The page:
Urban photography can encompass a few different genres of photography, cityscape or landscape, street photography, architecture, and macro or abstract. Technically you could do just about any type of photography within the confines of a city, sans maybe landscape astrophotography due to the light pollution. Improving your photography, whether urban or otherwise, isn’t about getting more or better gear… It’s about changing the way you see the city.
Most photographers approach photography with preconceived notions of what types of shots they would like to capture. If you peruse others photography for inspiration you’ll undoubtedly find some images that inspire you and naturally you want to create similar shots. There is absolutely nothing wrong with drawing inspiration from others photography, I encourage it, but if you start to let others photography direct your own photography you run the risk of losing your unique perspective.
Step One – Get Your Unique Perspective Back
Perspective, or your world view, is perhaps the single most important tool you have regarding photography. You know when someone tells someone “you’ve got a great eye”? That’s another way of saying “hey, the way you see things is interesting and refreshing”. Or they just think you’ve got nice looking peepers…
Everyone sees the world differently, your colors don’t look the same as mine… They may be more vibrant or your greens look slightly yellowish. The point is, our brains interpret what we see differently, no one person is the same as another.
When we see things we really like, like impressive photography, human nature would have us try to emulate it. I would challenge you to, instead of trying to reproduce a favorite shot, really look at the shot and dissect what it is that makes this shot stand out. Figure out how you could take the same principles, or compositional elements, and create an equally impressive shot someplace else.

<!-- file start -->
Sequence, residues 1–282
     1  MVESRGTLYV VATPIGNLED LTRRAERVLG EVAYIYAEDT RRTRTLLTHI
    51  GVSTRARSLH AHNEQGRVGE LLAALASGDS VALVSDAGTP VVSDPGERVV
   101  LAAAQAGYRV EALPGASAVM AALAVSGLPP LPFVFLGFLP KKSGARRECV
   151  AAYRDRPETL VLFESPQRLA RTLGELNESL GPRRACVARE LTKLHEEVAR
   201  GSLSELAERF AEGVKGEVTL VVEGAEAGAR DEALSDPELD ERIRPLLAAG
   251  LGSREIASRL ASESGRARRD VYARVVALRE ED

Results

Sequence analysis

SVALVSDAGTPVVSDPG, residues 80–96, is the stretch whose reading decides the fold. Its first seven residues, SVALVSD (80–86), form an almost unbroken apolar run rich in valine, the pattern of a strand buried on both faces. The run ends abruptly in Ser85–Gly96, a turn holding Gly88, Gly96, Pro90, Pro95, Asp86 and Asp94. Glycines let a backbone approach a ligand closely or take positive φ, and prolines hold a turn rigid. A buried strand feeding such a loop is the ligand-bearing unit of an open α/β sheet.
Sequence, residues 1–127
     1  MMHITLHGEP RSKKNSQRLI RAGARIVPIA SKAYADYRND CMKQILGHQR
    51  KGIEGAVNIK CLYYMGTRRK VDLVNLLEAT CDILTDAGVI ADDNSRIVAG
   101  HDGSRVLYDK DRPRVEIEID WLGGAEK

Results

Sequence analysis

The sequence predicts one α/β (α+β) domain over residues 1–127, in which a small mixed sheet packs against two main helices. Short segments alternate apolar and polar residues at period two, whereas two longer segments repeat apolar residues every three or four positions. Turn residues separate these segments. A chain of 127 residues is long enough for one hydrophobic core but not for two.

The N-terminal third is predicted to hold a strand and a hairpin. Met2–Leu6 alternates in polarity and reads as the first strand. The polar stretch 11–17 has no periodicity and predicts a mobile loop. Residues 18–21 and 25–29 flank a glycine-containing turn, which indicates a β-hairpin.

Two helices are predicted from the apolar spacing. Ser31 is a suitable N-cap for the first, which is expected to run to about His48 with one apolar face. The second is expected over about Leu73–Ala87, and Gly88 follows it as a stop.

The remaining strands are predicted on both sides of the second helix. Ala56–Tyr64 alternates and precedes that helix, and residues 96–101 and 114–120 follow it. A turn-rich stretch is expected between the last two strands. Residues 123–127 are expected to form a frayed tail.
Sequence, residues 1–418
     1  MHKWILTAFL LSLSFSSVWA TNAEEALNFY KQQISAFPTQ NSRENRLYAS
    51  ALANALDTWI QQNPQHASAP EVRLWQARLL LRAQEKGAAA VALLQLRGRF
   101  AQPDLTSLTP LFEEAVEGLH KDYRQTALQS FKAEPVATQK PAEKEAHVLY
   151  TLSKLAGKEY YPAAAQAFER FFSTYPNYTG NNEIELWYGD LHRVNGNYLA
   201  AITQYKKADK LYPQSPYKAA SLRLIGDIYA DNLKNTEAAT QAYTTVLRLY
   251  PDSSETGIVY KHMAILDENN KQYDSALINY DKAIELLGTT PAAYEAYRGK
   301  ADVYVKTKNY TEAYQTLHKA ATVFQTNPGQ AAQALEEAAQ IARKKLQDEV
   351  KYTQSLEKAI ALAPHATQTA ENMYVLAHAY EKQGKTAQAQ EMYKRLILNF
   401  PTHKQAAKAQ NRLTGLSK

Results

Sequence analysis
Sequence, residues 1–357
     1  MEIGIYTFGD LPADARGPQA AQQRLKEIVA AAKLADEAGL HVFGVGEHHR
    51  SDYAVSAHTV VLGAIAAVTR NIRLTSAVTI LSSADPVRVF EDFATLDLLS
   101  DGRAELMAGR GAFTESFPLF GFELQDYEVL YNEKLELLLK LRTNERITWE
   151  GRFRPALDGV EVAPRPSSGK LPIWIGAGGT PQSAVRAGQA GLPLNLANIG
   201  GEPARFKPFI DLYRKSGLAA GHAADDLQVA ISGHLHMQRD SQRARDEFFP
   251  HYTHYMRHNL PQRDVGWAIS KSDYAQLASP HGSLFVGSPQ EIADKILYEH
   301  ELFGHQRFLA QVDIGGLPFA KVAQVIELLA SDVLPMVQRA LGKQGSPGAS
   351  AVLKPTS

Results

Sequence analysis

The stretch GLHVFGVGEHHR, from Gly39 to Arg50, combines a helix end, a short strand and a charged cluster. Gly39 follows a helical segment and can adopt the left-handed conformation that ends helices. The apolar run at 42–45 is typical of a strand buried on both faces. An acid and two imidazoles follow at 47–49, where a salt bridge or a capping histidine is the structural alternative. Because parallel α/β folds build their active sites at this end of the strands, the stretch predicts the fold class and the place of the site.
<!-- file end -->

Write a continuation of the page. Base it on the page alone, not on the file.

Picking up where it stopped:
When I was teaching myself to play the piano I quickly realized that reading music was like trying to read another language. In order to learn the “language” I would buy large classical piano books and letter each note, some of the books for two or three hundred pages long. By the time I made it through five or six of these books I could read music fluidly and play the piano as fast as I could read the music. The reason I mention this is because if you apply the same principle to photography you can improve your compositional skills without losing your unique perspective.
Try printing off a few of your favorite photographs and notating what compositional elements the photographer was using and what characteristics make said photograph inspiring to you. If you do this enough times you’ll start to ingrain the building blocks that make photographs interesting to you and you’ll be able to apply them to your own unique perspective.
Step Two – Timing Is Everything